(Beyond Pesticides, January 23, 2017) Last week, the U.S. Environmental Protection Agency (EPA) released its final Biological Evaluations of Three Chemicals’ Impacts on Endangered Species, which finds that chlorpyrifos and malathion likely have detrimental effect on 97 percent of all species listed and protected under the Endangered Species Act (ESA), while diazinon adversely affects 78 percent. According to EPA’s release on the subject, this is the “first-ever draft biological evaluations analyzing the nation-wide effects” of these registered chemicals on endangered species after decades of widespread use. The evaluations stem from a legal settlement with the Center for Biological Diversity (CBD) in which CBD sued EPA in April 2014 for its failure to comply with ESA, which requires the agency to carry out consultations with federal wildlife agencies while registering pesticides.
According to Nathan Donley, Ph.D., a CBD senior scientist, “We’re now getting a much more complete picture of the risks that pesticides pose to wildlife at the brink of extinction, including birds, frogs, fish and plants. When it comes to pesticides, it’s always best to look before you leap, to understand the risks to people and wildlife before they’re put into use. The EPA is providing a reasonable assessment of those risks, many of which can be avoided by reducing our reliance on the most toxic, dangerous old pesticides in areas with sensitive wildlife.”
The next step in this settlement involves both the National Marine Fisheries Service and the U.S. Fish and Wildlife Service. Along with the evaluations from EPA, the two agencies must issue biological opinions and determine steps to protect these endangered species from agricultural pesticide use. In accordance with the legal settlement, these biological opinions must be finalized by December 2017. Additionally, chlorpyrifos, widely used in agriculture, is awaiting a decision by EPA that, it was thought prior to the new administration, could result in it being banned for use on food crops.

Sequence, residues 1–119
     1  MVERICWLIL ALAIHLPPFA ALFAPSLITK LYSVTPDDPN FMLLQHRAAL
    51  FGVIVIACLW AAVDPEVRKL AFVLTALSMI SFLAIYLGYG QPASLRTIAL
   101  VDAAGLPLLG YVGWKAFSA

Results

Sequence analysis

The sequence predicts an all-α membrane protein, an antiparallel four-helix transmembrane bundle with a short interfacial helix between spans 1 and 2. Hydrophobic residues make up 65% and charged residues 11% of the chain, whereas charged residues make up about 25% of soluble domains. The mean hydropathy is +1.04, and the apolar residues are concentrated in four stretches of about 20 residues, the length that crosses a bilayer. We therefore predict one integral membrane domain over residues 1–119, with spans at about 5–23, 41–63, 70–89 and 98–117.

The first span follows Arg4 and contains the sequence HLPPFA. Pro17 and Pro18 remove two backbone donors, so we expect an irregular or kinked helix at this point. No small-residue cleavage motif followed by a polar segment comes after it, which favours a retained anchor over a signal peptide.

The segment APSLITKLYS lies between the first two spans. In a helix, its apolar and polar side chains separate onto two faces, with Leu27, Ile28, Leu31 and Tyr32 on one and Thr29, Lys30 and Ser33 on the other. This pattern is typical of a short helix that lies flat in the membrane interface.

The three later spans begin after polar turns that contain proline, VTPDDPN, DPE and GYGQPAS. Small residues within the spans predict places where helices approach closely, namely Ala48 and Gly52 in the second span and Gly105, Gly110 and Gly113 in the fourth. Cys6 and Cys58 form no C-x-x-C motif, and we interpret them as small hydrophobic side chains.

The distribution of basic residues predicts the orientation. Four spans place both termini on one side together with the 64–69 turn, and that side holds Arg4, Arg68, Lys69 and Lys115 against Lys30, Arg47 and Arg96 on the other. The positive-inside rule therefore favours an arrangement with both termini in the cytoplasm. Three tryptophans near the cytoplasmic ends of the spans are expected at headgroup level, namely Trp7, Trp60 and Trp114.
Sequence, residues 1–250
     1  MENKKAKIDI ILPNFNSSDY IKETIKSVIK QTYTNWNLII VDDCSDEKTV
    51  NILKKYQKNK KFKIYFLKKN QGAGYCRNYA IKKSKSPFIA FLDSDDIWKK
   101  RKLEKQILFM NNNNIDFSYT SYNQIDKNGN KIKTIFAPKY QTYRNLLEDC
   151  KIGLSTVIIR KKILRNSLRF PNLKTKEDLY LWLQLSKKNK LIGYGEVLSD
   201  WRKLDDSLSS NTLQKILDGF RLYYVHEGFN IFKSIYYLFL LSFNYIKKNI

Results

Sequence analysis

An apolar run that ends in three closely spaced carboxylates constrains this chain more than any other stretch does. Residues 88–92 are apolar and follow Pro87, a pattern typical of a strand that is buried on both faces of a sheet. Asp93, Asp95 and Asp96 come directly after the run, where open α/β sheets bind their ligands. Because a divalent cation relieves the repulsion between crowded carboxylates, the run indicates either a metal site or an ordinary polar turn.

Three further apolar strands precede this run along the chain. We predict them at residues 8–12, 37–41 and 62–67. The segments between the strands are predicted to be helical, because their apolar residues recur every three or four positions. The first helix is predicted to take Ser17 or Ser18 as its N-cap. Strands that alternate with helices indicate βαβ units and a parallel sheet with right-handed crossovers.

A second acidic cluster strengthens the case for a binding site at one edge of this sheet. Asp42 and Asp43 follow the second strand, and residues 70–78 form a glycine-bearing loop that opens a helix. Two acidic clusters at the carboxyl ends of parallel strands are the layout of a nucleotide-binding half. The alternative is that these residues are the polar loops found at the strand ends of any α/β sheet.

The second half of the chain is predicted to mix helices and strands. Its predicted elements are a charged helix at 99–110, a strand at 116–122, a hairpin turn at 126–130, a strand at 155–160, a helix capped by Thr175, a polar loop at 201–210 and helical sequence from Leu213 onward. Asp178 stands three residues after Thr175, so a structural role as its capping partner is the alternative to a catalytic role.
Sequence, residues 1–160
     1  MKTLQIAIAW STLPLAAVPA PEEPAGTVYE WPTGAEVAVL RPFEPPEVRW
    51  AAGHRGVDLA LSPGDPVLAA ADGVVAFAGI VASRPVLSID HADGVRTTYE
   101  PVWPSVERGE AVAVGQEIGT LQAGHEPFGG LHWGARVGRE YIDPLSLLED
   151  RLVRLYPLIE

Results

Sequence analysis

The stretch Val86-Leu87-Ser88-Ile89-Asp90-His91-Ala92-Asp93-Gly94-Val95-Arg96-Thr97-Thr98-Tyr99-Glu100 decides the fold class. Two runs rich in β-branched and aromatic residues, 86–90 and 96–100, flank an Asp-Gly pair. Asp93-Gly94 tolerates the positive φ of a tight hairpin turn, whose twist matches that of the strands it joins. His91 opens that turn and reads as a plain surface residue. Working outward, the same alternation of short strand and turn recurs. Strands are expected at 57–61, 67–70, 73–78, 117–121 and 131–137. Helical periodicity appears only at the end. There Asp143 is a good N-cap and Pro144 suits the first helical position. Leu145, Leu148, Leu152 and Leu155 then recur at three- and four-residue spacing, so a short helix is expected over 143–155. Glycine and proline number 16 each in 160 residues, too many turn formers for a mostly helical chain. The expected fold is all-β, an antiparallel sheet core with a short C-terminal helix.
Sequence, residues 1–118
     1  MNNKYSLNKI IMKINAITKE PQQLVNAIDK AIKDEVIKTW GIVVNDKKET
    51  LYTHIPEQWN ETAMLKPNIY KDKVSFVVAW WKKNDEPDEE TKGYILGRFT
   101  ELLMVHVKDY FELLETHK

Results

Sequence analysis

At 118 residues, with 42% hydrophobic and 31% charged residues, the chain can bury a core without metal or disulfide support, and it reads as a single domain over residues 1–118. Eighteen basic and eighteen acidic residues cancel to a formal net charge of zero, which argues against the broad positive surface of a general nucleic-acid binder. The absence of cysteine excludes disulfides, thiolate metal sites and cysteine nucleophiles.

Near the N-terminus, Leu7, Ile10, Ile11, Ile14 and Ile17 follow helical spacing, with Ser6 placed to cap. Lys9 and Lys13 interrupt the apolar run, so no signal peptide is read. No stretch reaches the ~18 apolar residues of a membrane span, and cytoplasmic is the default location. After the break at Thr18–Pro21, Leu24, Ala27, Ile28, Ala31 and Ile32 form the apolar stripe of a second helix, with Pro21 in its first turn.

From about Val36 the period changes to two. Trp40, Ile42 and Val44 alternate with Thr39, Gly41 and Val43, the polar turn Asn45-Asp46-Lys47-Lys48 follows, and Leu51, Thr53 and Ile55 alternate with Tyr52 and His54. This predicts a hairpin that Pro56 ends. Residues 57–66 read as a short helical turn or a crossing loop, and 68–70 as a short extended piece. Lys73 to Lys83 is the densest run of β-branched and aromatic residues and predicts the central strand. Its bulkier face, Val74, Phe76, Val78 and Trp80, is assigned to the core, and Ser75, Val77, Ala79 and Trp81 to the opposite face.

The implicated chemicals are all organophosphates (OPs), derived from World War II nerve poisons that are a common class of chemicals used as pesticides. This class of pesticides affect neurodevelopment, weaken the immune system, and impair respiratory function, among other severe health risks. OPs are a widely used agricultural pesticide, with millions of pounds applied yearly across the country and are acutely toxic to bees, birds, mammals, aquatic organisms and certain species of algae at low doses. OPs method of entry into the environment can vary from pesticide drift, volatilization, and runoff from soil erosion. Once present in the environment, organisms that come into contact with the pesticides will have difficulty performing basic survival and reproductive functions. A 2014 study by the United States Geological Service determined that an estimated six million pounds of the three chemicals combined are sprayed for agricultural use.
Studies document that exposure to even low levels of OPs during pregnancy can impair learning, change brain function, and alter thyroid levels of offspring into adulthood. In 2012, researchers at the University College London found that long-term low level exposure to organophosphate pesticides cause lasting damage to neurological and cognitive functions. The study notes, “The majority of well-designed studies found a significant association between low-level exposure to [organophosphates] and impaired neurobehavioral function which is consistent, small to moderate in magnitude and concerned primarily with cognitive functions such as psychomotor speed, executive function, visuospatial ability, working and visual memory.” Children have an increased risk from OPs which has led the creation of “no-spray” buffer zone for sensitive areas such as schools and hospitals.
Ultimately, the widespread adoption of organic management is necessary to protect consumers and the environment in the long-term. Beyond Pesticides has long sought a broad-scale marketplace transition to organic practices that, as a default, prohibits the use of toxic synthetic pesticides by law (unless subject to rigorous health and environmental standards and recommended by the National Organic Standards Board) and requires a systems-based approach that is protective of health and the environment. This approach never allows the use of highly toxic synthetic pesticides, such as the toxic organophosphates, and advances a viable, scalable path forward for growing food. Find out more about why organic is the right path forward for the future of farming by going to Beyond Pesticides’ organic agriculture webpage.
Source: Center for Biological Diversity
All unattributed positions and opinions in this piece are those of Beyond Pesticides.